Woodrow Wilson Fellows Are Great Fit for New Tech
Indiana’s educational pipeline is about to receive an infusion of new science and math teachers specially prepared for 21st-century models like New Tech. This spring, the Woodrow Wilson Indiana Teaching Fellowship Program will graduate the nation’s first cohort of Fellows and those from the University of Indianapolis will be specifically trained in project-based learning.
Woodrow Wilson Fellows are career-changers and recent graduates in the science, technology, engineering, and mathematics (STEM) fields. After one year in a high-quality transition to teaching program, Fellows make a commitment to teach for at least three years in Indiana’s high-need urban and rural school districts. Soon those Fellows will begin applying for teaching licenses and full-time teaching positions in high-need schools.
“Indiana is facing a critical shortage of science and math teachers,” Jennifer Drake, director of the Woodrow Wilson Indiana Teaching Fellowship Program at the University of Indianapolis, said. “Woodrow Wilson Fellows have the content knowledge and pedagogical training necessary to promote student success and help school districts close the achievement gap.”
The University of Indianapolis program is distinguished by strong district partnerships and a project-based focus. Several of the University of Indianapolis faculty deliver course content using project-based methodologies to allow Fellows to experience and reflect on project-based learning as students. Additionally, practicing teachers in the partnering districts train Fellows to design, teach and assess project-based units on their own.
“We chose to emphasize project-based learning because our partnering districts asked that we prepare the Fellows for 21st-century schools,” Drake explained. “We chose the clinical immersion/residency model so that Fellows would be prepared quickly and thoroughly for the realities of urban teaching.”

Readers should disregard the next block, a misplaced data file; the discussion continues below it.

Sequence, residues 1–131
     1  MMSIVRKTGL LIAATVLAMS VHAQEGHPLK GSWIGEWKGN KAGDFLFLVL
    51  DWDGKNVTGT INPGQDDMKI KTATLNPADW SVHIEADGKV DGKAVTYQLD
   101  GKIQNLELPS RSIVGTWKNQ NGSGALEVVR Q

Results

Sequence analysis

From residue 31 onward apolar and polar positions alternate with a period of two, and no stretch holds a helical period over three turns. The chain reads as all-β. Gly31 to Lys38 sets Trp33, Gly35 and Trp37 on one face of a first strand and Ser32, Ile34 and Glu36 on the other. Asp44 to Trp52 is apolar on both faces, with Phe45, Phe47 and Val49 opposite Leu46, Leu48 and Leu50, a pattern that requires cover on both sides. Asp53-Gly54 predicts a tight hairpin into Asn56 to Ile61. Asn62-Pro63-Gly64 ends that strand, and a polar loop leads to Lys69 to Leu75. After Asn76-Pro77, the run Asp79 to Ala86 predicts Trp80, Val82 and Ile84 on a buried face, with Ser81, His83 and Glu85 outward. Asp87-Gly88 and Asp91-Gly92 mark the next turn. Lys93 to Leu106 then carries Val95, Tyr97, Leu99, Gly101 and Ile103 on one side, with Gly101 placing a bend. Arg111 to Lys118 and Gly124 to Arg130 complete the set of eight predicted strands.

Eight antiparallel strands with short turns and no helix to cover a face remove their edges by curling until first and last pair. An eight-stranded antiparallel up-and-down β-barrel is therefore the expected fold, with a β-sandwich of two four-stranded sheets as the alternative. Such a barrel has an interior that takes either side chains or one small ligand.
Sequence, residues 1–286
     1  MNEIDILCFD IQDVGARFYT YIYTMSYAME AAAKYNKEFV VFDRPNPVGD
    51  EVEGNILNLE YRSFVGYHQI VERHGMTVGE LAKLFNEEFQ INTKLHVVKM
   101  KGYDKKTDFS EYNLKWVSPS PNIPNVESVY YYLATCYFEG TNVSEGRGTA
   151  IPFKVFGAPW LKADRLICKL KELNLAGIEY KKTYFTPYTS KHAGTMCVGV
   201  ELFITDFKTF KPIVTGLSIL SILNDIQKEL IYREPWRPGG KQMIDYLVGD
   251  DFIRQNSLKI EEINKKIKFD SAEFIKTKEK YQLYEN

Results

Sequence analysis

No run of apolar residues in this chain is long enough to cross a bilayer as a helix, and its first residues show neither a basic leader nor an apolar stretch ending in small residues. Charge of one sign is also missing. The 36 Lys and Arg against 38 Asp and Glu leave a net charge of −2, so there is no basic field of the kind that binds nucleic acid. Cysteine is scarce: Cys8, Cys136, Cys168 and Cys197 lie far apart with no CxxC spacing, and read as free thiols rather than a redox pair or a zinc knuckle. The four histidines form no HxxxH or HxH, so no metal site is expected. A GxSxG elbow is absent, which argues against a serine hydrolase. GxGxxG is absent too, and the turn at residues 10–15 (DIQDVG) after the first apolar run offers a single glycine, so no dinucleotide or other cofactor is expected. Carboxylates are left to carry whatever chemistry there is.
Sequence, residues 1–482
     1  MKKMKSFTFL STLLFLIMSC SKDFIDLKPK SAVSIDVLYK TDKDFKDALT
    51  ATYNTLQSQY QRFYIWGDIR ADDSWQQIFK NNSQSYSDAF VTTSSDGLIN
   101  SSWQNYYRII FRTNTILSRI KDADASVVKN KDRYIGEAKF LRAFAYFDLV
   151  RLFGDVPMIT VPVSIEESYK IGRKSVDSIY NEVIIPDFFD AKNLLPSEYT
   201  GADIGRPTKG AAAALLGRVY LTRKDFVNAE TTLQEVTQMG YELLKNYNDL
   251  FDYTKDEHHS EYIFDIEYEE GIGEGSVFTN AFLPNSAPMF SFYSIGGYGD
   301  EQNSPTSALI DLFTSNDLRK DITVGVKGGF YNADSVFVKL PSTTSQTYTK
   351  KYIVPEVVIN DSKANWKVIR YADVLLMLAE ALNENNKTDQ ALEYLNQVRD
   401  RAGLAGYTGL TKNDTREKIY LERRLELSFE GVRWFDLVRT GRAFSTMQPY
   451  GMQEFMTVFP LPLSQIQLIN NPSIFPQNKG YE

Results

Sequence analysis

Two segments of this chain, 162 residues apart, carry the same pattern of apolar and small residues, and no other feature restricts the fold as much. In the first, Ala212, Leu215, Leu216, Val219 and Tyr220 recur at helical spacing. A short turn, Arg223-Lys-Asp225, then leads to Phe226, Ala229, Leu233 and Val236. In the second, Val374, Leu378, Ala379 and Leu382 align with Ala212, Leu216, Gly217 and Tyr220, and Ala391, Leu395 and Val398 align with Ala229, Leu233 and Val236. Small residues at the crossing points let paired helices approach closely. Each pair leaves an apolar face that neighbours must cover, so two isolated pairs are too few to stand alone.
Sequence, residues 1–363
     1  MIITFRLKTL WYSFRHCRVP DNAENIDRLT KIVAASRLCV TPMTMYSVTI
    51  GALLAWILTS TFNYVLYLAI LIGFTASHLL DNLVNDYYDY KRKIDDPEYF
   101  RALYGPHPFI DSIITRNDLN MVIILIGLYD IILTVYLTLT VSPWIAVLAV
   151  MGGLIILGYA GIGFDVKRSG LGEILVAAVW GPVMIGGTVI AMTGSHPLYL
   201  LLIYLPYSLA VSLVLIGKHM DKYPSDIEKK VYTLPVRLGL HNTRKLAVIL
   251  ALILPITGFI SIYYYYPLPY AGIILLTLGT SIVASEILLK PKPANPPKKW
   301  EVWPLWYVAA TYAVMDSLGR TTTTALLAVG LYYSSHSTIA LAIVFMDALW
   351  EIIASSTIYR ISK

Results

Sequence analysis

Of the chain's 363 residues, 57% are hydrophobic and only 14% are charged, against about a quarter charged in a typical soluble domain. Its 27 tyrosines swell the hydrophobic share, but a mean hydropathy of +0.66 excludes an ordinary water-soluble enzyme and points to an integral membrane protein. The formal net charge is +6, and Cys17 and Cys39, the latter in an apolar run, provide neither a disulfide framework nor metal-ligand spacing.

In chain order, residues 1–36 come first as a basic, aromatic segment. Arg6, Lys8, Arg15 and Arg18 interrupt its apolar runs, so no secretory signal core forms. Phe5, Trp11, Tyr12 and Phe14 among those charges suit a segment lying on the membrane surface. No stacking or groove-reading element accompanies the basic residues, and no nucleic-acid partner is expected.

As part of the University of Indianapolis program, Fellows will continue to receive guidance from veteran teachers, school principals and university faculty while they are teaching.
“The Woodrow Wilson Indiana Teaching Fellowship Program is committed to mentoring Fellows during their first three years of teaching. The mentoring piece consists of one-on-one coaching, as well as ongoing professional development and cohort support,” Drake explained.
In 2009, Indiana became the first state in the nation to implement the Woodrow Wilson Teaching Fellowship Program. The University of Indianapolis is the only private school in the state chosen to host the program which is a collaborative effort between its School of Education and its College of Arts and Sciences with support from the Center of Excellence in Leadership of Learning. Other institutions offering Fellowships include Ball State University, Indiana University-Purdue University Indianapolis (IUPUI), and Purdue University.
Following its success in Indiana, the Woodrow Wilson Teaching Fellowship Program will expand to Michigan and Ohio next year.
For more information on the Woodrow Wilson Indiana Teaching Fellowship and recruiting new science and math teachers for your district, contact Drake at 317-791-5704 or email@example.com.
Published: March 2010